Keeping the beat alive
Tales from Britain's indie music sector
For Britain’s independent music scene, lockdown is taking a toll. Venues are closed, so no gigs. Studios are closed, so no rehearsal space or recording time. The innovation shown in producing virtual performances can plug a gap, but it struggles to recapture the thrill of performing live in front of an audience. Even though the easing of lockdown means pubs can reopen this weekend, bars that specialise in live music are ordered to keep their stages closed.
Steve Strode, the man behind Tyneside’s Cruel Nature Records and a guitarist with ‘howling surf garage hardcore’ band Fret!, is facing a challenging time – and one that he fears could spell the end for his band after almost a decade of whipping up a frenzied noise in the north-east’s underground music scene. At the start of the year, this three-piece was preparing to record another album; since lockdown was introduced in March, they’ve been silenced.
“We’re very much a live band,” Steve said. “Even when we’re recording, it’s about trying to capture sound and energy of our gigs. And we write together as well. I’m working from home at the moment but it’s just not practical to write on my own. It all comes together when we are rehearsing.”
The band’s music doesn’t lend itself to the kind of stripped down, unplugged renditions that can easily be streamed from a spare room. “I know that Cath [Tyler, the band’s bass player and vocalist] and her husband Phil have done a few live streams from their home, but they play as a folk duo so it kind of works for them,” Steve added. “For Rob [Woodcock, drummer] and myself a live stream just wouldn’t work.” Throw in family commitments and a surge in work in Steve’s day job, and you’re left with a band on an unwanted hiatus.
A cultural community
However, the Cruel Nature label, a cult purveyor of limited edition releases on cassette and, increasingly, digitally, continues to flourish. The appetite for new music is still there, despite the lockdown; indeed, it may even be growing as people have time on their hands and fewer places to spend it.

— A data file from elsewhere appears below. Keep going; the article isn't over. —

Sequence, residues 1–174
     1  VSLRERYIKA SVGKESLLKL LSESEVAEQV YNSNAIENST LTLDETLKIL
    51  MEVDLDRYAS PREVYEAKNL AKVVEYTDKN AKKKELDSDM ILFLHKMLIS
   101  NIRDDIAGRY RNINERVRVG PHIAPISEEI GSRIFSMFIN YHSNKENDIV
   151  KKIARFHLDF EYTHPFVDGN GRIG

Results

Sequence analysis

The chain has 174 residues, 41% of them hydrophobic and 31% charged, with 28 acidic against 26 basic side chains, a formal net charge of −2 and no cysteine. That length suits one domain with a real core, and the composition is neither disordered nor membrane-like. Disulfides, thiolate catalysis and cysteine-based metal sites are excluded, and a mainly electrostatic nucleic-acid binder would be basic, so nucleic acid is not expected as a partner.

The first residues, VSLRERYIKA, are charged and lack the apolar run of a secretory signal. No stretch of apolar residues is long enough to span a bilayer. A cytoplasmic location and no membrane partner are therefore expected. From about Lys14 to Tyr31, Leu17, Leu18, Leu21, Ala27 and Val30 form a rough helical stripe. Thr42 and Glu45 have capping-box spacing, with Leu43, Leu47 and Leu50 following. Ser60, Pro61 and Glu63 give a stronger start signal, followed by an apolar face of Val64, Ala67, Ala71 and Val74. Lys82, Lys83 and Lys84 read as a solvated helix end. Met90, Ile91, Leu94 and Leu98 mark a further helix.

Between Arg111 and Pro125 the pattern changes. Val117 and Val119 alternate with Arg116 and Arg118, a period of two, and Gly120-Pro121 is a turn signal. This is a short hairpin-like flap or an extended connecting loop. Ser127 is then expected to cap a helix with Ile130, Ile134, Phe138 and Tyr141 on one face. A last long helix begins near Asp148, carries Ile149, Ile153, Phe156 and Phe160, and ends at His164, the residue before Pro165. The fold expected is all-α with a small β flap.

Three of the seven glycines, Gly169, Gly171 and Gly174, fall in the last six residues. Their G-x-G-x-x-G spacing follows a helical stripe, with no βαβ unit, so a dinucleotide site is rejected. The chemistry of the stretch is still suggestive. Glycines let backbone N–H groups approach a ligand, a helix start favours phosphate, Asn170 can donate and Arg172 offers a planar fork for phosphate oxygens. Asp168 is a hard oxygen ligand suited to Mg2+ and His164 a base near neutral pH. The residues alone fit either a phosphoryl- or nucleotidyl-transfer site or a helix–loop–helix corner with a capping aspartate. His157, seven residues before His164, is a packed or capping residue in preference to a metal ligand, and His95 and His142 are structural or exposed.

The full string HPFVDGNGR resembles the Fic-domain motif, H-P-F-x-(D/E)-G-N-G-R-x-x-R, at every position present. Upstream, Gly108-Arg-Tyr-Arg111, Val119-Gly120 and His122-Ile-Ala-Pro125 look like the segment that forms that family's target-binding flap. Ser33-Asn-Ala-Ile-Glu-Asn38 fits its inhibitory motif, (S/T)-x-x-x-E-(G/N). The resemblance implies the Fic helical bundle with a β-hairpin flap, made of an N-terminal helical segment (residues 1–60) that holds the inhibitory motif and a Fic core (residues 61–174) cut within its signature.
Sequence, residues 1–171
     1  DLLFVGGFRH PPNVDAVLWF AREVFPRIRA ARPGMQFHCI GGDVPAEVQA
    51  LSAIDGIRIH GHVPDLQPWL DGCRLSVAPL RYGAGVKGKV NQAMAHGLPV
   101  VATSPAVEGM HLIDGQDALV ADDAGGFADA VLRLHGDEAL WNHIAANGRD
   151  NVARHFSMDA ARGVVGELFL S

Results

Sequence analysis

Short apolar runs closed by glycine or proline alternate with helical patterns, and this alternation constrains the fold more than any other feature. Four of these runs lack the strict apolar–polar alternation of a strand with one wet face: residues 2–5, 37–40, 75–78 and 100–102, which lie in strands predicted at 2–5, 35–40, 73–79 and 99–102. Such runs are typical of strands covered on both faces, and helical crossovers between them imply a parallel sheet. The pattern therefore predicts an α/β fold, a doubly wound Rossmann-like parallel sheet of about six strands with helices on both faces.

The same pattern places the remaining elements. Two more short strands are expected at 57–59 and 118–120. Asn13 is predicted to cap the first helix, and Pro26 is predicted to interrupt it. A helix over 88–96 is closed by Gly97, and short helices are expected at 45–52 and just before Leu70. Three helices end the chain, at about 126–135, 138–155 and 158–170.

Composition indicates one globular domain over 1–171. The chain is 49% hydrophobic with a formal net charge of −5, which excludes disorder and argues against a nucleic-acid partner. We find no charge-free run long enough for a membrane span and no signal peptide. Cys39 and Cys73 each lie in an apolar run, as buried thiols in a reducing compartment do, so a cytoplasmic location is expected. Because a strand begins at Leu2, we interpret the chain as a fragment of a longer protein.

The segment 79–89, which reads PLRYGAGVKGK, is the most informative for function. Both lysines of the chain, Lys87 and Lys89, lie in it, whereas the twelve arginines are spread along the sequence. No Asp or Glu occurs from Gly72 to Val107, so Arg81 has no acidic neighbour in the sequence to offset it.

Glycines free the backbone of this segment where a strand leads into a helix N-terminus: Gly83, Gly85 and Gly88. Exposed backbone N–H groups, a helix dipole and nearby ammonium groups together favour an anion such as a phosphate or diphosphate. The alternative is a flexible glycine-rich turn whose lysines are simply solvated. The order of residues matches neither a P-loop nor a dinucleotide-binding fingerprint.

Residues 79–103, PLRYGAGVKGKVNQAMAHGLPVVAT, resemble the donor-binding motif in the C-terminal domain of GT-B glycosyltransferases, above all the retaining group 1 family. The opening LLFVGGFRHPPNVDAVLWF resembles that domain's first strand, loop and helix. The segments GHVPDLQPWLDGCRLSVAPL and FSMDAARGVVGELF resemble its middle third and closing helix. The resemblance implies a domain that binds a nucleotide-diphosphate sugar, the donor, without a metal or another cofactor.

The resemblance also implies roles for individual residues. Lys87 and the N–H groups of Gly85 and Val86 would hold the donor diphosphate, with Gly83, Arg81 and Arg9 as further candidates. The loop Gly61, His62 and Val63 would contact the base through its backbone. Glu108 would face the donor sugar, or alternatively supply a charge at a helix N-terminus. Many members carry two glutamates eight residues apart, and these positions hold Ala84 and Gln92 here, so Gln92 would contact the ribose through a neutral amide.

After initially suspending plans to release music amid the initial disarray of lockdown, Steve quickly realised people still wanted music and has been working hard to meet that demand. Cut-price offers on digital editions of sold-out tapes proved a hit – people responded to the idea of supporting artists and ‘pay what you can’ became ‘pay over the odds’ in many cases. Bandcamp’s decision to waive its fees on certain days, coupled with Steve’s decision to donate any extra profits to local foodbanks and community projects, tapped into a resilient community spirit among the indie scene. As well as the usual collectors and completists buying up every tape that Steve can release, there was a new audience emerging – and evidence that there is a least a section of market that wants to engage with small-scale suppliers who are willing to invest in their local communities.
“It’s been a mix of people. I have some hardcore fans, collectors, who want to buy a copy of everything I put out irrespective of genre,” Steve explained. “But, especially on those Bandcamp days, and when I first put those discographies on offer, we saw a lot of new people taking that up. And I’ve been the same as everyone else, I’ve been buying a lot more music myself during this time!
“I’ve certainly had more digital sales. Before I sold hardly anything digitally but when Bandcamp waived its fees I started selling more, perhaps also because people knew the money was going to a good cause.”
‘Americana, shoegaze, psychedelia’